Then, sometimes he toddles over a few feet, and then he sits and blinks in the sun for 20 minutes, and then he gets up and moves to a new spot.
I have a dog walker who comes between once and twice a day, depending on the day. Harry moves very, very slowly and you need someone who’s going to be patient and not yank him because he’s not moving. He can’t be walked with other dogs—not because he’s not friendly, but because it’s not fair to the other dogs.
Do you give Harry any CBD? What do you recommend for dogs?
In pets, you typically want to look for CBD isolate or broad spectrum, which means all the cannabinoids except for THC. I recommend isolate because there is no THC, and two, because it’s basically flavorless. I’ve heard that regular, full-spectrum CBD—which is what I would always recommend for humans—overpowers everything else for dogs for days. They can’t taste their regular food. They can’t taste treats. It’s actually quite aggressive on them.
I have been giving Harry a tincture called Whole Pet Drops made by Mary’s Nutritionals. My friend Beryl owns a CBD shop called Poplar—she sent them to me. I originally looked at the dosing on their bottle and I think it’s really, really high. So I give Harry my own made-up dose, which is about 2.5-5 milligrams of CBD as best as I can measure it, which maybe sounds like a lot, but he’s in a lot of pain. I think it’s helpful.
I give him this once a day. It’s so hard for me to tell what works and what doesn’t with him because he’s so low affect already. There’s not going to be a huge change of personality or anything, but you know, I know it’s not hurting him. So I continue to do it on the off chance that maybe I don’t see it, but it is helping him.
The other thing with CBD is, I do think it helps dogs with sleep, in the same way that it helps people. I think dogs that are in pain don’t get as much sleep. It’s hard for them to get comfortable in their bed.
What do you feed Harry?
The wet food is EN Gastroenteric Naturals™, which is the prescription diet plan wet food that the vet gives you if your dog has an upset stomach. And then Fromm Gold Small Breed Adult Dry Dog Food. I think they’re quite good. I feel like, with these dog group brands, it’s so hard to tell. They sound like they’re being transparent? And appear to be family run? It’s sort of like grocery shopping, you know? Like when you buy the eggs that are organic, free-range, and cage-free, and sold in a beautifully hand-illustrated carton. I always think that that means it’s from a little single family farm upstate, but it’s probably really run by a giant industrial food conglomerate.
What are some of your favorite dog brands?
I feel like there’s so much room in the pet space for someone to create products that address specific and geriatric dog needs. Pets are living longer these days because people have adjusted their stance on what it means to take care of a dog. It’s very different from 50 years ago, when a dog got old, you just put it down. It’s gotten to the point with Harry where I realized he needed a raised bowl. His back legs are really weak and it’s quite hard for him to balance himself and eat his food straight from the ground in a bowl. But the problem with raised dog bowls on the market is that they are just raised and then flat, if that makes sense, and that hurts his neck and back. And if you Google raised “tilted food bowl,” there’s a million for cats and none for dogs. So, I’m about to buy a cat bowl for my dog.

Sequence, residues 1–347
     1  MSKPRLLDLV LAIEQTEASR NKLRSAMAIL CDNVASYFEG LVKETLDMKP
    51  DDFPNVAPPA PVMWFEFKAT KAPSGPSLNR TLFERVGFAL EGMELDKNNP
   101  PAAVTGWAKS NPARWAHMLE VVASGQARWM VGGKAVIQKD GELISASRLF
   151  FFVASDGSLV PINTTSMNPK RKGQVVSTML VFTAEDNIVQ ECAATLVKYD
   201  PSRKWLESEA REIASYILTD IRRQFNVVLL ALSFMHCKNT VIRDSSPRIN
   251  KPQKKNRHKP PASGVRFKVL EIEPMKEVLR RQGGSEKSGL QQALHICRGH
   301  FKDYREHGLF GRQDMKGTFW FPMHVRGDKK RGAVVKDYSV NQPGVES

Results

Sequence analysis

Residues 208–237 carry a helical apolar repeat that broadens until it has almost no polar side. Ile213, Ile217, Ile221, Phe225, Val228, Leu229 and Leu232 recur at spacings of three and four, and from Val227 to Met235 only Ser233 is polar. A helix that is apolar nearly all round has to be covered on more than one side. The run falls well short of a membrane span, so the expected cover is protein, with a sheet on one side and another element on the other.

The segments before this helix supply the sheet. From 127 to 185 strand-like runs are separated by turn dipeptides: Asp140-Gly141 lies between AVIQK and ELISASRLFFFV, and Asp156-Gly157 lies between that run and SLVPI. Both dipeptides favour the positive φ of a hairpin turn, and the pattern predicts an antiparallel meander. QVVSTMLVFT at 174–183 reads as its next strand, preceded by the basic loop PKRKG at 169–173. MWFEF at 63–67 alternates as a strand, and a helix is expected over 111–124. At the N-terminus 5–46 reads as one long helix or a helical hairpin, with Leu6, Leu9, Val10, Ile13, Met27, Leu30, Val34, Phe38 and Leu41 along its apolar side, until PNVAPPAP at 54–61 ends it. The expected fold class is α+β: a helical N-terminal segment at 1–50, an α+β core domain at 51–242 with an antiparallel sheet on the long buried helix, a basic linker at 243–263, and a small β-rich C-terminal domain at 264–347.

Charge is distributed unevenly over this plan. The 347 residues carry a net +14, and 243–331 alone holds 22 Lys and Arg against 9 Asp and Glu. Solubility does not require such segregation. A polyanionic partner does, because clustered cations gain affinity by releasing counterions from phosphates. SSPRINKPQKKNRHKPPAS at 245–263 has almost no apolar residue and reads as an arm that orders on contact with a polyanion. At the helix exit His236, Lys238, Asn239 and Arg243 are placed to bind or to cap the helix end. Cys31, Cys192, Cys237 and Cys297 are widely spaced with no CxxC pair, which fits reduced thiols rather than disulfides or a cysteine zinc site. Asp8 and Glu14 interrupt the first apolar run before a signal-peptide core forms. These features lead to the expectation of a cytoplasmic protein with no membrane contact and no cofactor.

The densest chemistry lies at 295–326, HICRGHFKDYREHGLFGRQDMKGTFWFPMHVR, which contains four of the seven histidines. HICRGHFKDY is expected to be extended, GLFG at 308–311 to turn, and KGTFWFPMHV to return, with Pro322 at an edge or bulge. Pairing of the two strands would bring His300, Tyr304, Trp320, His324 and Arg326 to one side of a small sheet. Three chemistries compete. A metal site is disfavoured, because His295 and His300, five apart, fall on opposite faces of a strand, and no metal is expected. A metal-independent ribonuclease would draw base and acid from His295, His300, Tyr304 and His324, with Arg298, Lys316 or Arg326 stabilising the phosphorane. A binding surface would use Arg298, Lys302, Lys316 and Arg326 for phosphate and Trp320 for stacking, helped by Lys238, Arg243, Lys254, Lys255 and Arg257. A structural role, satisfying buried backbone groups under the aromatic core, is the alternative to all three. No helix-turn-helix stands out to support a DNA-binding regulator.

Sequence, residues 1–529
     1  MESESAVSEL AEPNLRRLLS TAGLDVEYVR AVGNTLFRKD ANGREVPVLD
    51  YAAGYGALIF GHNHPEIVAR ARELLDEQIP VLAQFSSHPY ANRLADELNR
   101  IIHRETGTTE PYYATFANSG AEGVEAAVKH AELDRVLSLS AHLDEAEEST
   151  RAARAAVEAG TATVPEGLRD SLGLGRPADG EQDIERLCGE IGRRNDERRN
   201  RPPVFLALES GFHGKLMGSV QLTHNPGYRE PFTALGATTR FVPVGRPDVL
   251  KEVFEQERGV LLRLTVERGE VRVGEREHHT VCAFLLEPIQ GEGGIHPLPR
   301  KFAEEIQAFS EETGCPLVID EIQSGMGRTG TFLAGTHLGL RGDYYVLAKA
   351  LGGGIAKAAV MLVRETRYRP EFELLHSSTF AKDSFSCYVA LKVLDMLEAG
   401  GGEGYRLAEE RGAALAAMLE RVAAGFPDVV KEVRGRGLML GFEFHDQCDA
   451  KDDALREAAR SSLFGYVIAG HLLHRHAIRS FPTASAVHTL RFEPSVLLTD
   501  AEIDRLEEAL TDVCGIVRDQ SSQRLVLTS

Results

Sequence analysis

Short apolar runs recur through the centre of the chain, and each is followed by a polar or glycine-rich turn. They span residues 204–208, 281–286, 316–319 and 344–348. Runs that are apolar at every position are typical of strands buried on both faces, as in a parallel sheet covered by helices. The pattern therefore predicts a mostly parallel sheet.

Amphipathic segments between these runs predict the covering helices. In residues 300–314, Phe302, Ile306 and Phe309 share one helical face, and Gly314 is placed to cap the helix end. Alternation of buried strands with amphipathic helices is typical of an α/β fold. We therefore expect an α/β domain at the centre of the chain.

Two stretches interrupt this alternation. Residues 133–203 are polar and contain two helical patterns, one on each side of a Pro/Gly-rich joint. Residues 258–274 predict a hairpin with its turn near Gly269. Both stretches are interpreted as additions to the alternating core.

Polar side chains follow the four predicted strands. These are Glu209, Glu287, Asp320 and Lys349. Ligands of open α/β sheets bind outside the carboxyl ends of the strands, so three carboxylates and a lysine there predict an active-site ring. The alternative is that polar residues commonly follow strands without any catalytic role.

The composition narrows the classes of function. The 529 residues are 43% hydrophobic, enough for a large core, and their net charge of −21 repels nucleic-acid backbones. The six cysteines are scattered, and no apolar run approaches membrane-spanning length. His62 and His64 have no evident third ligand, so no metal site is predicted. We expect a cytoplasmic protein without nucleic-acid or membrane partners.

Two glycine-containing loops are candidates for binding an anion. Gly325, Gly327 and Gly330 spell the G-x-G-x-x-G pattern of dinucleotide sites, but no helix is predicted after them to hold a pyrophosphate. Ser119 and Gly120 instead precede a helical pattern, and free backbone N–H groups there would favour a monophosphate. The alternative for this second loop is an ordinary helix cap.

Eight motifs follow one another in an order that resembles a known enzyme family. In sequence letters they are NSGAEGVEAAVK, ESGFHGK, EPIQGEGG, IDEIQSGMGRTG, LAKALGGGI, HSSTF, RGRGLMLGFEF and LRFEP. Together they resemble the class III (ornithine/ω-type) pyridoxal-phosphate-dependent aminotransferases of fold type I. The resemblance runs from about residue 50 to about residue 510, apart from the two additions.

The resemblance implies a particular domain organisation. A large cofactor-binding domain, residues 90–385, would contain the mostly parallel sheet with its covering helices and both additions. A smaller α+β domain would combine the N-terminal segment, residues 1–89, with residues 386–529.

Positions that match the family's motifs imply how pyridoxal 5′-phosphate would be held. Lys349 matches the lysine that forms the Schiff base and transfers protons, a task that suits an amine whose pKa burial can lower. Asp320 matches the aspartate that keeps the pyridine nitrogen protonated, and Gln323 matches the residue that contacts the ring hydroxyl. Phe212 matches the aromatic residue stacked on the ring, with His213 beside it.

Do you consider yourself a dog mom then?
I sometimes joke that he’s my Large Adult Son. I’m definitely not someone who describes him as my baby or my child—but we’re really, really close. I mean, when Dumbo passed away, which was two years ago now, I was absolutely gutted. And it took me little bit to put my finger on why it was so uniquely devastating. I’m certainly not making the case that it is harder to lose a dog or a pet than a person. But it’s a different type of loss, in that your relationship with your pet is so singular. It is one on one. You can live with a partner, or have a family, but our pets are with us in spaces and moments that no other humans see. And when you lose a person, there are, in most instances, other people who also knew them—who also had a relationship with them. There’s a shared understanding of the loss. With a pet, it’s yours and yours alone.
They’re these little creatures that are tied to you and you are tied to them. That’s how I think about my relationship with Harry. He doesn’t go with me everywhere. I obviously have a dog walker during the day. I travel a fair amount and I make sure he’s in good hands and I leave him. But at the end of the day, he and I have a one-on-one relationship that I don’t have with anyone else and that no one else has with him. He’s my Harry.
Photography by Tayler Smith